Christopher Fry, who worked on the script of “Ben-Hur” and other films but was best known for his verse-plays, died June 30 in Chichester, England. He was 97.
Inspired by T.S. Eliot, he attempted a revival of verse-drama with “The Lady’s Not for Burning.” Five of his dramas plus his translation of a Jean Anouilh play, were successes post-WWII and into the 1950s.
Bristol, England, native developed an interest in theater and wrote of spiritual matters. “Armageddon” and “A Sleep of Prisoners” deal with mortality and devastation, influenced by his experiences as a boy during WWI.
Beginning in 1929, he acted, directed, wrote and ran a repertory company in Tunbridge Wells, where he premiered Shaw’s “A Village Wooing” in 1934. Other plays he wrote include “Boy With a Cart,” a verse drama; “A Phoenix Too Frequent,” starring Paul Scofield in his first London lead, about a Roman soldier and a woman planning to entomb herself with her dead husband; and most famously “The Lady’s Not for Burning” in 1948, restaged by John Gielgud in 1949, with unknowns Claire Bloom and Richard Burton.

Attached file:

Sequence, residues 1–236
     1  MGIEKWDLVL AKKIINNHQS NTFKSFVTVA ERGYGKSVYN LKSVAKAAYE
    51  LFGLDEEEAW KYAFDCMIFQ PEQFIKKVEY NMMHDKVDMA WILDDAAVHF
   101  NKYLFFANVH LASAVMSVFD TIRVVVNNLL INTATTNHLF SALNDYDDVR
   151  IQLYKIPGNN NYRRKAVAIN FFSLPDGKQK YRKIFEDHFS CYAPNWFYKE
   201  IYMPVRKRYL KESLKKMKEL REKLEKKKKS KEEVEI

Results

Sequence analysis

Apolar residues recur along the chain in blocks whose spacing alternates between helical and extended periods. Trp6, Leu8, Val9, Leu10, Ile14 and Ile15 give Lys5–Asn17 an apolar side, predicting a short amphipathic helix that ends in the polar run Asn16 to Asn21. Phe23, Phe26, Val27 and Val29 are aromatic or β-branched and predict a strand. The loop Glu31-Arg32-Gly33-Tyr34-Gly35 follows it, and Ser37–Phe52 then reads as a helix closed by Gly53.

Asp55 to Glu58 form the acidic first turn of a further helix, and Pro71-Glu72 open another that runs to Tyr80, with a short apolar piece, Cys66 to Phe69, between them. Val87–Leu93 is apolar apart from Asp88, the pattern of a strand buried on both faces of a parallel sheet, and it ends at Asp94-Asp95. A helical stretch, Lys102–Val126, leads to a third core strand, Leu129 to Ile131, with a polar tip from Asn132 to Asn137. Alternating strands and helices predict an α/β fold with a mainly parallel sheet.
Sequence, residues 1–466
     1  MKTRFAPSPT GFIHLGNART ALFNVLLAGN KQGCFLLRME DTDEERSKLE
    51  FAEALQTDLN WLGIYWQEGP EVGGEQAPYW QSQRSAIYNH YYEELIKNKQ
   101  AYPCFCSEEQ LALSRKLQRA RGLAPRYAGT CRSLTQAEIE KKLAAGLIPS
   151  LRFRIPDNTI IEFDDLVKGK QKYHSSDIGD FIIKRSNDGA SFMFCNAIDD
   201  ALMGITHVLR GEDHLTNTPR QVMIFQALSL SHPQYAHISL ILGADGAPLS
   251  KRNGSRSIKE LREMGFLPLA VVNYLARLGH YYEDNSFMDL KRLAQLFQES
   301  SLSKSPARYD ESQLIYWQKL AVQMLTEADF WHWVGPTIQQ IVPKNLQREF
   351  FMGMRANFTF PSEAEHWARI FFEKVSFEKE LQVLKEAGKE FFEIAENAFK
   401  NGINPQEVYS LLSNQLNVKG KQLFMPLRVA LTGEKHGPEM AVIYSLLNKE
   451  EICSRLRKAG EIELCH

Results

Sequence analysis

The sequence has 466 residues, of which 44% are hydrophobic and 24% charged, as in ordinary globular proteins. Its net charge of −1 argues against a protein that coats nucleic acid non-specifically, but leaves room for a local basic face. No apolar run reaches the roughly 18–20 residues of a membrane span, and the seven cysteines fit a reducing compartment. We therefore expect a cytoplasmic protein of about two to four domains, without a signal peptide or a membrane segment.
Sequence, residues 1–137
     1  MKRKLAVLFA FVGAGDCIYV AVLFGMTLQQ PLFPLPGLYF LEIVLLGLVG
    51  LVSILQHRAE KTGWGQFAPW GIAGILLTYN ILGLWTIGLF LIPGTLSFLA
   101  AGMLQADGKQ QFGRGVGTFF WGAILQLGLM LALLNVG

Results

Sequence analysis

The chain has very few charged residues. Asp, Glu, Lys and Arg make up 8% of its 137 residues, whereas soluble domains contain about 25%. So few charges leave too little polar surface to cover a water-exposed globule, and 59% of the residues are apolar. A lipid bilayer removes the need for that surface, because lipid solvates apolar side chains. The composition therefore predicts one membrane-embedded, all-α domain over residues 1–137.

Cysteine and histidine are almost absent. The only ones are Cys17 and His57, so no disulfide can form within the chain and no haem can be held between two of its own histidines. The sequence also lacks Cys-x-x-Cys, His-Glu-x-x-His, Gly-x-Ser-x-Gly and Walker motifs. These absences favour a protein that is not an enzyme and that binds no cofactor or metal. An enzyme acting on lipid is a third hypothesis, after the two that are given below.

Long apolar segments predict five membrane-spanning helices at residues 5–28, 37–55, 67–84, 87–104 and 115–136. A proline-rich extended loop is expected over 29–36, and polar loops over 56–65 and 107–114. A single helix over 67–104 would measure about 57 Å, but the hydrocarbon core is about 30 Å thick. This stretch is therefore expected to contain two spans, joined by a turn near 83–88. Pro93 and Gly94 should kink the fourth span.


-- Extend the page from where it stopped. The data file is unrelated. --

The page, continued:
He adapted Anouilh’s “Ring Round the Moon” at the same time “Lady” was running, and Laurence Olivier opened a season of plays with Fry’s “Venus Observed.” “The Dark Is Light Enough” starred Edith in 1954.
Tastes changed, and Fry, known for reinvigorating the stage language, now found his poetic ways dismissed. He nonetheless adapted “The Lark” by Anouilh, “Tiger at the Gates” by and Giraudoux and more.
Then he was asked to doctor the script for “Ben-Hur” for two weeks in Rome, but instead spent 14 months on the screenplay, which led to more writing for the films “Barabbas” and “The Bible.”
Later plays included Henry II-focused “Curtmantle,” and love story “A Yard of Sun.”
He is survived by a son.